You need a break from the feline hide and seek so you decide to go ahead and clean out the litter box. It takes a while to find the litter scooper... and just as long to clean out the volcanic rocks that are adhered to the pan. You throw away the dirty litter only to see Fluffy darting across the kitchen and rounding the corner. PHEW!!!!

You check on the dogs and notice one of them isn't eating his breakfast. You've been told you can't leave the food down or the other dog will eat it. You must begin coaxing Max to eat... calling him over to the bowl, stirring the food around and when you're desperate enough pretending like you're going to eat it.

Your visits are supposed to only be 45 minutes long, but you've already been there an hour. Meanwhile, you're worried about the other dogs you have on the opposite end of town waiting to go out. You prepare to leave... you then remember you have to set the alarm. You feel anxious because the last thing in the world you want to do is set that thing off. You study the thing, you plan your exit, you push the buttons and say a little prayer. You're off to the next house... with much the same routine. Although there may be a rabbit, bird, hamster, mouse, snake, turtle or Gecko there... you just never know.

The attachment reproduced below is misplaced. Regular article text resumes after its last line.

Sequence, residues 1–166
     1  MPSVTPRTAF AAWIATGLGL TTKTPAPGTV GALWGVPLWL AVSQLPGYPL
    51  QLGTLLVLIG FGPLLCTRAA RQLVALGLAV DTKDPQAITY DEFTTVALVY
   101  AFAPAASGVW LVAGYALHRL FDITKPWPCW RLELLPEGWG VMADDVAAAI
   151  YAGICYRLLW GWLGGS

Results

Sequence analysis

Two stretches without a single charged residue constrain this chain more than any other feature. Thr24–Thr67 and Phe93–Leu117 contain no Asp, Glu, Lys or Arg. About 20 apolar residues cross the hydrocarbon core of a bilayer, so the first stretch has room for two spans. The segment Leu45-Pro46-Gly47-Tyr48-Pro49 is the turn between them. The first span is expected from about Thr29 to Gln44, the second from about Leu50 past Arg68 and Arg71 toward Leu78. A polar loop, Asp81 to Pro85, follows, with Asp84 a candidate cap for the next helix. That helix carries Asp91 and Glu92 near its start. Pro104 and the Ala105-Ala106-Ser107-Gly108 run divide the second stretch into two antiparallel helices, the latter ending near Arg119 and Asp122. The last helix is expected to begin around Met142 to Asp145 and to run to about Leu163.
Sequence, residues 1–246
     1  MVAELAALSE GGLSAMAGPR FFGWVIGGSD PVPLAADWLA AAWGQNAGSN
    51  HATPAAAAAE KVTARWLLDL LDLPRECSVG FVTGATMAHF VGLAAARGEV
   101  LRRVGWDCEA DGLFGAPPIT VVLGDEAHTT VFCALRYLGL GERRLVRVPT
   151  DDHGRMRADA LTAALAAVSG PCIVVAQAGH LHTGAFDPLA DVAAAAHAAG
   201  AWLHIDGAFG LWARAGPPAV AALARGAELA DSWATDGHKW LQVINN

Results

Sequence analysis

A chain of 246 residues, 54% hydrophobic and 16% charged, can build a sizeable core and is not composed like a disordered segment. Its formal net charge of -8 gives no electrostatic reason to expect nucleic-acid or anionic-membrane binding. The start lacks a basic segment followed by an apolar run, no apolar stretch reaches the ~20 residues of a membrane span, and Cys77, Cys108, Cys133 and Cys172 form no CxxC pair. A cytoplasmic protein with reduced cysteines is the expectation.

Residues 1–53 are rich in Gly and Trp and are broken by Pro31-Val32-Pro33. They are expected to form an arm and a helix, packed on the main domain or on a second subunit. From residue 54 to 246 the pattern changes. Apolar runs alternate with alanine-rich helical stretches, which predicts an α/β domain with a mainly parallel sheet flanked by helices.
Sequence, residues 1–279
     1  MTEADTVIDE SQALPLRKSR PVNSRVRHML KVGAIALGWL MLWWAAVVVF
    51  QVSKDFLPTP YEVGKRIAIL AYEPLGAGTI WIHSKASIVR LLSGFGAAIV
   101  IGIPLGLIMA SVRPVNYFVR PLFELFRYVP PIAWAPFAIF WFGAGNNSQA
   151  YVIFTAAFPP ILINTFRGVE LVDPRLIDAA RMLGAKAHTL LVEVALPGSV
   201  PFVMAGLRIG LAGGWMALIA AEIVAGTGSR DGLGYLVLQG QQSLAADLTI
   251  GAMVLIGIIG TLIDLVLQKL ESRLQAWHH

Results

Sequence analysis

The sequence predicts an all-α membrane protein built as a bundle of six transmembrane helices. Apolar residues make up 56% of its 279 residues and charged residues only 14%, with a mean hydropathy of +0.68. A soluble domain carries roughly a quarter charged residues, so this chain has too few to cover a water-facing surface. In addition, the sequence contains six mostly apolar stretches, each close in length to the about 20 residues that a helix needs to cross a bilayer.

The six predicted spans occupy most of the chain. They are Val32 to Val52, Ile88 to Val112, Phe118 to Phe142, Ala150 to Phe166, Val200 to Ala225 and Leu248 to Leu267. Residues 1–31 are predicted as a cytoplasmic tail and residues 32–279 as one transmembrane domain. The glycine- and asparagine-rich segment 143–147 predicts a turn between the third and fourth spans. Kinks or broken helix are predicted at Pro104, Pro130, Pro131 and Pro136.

Throughout the day, your cell phone is ringing. People are constantly asking questions about rates, availability, service areas, types of pets you care for and references. You need to have your calendar in front of you at all times. You will be scheduling appointments all day long. You will be fitting in consultations with clients during their lunch hours... in between mid-day dog walks.

In your "free time" you will need to be checking email messages, too. After all, people will be finding you through your website. You might even have an online form for them to schedule assignments. You might get a call from an established client asking you to go to her house to let out her dog. She's stuck in traffic and can't get home to let her dog out.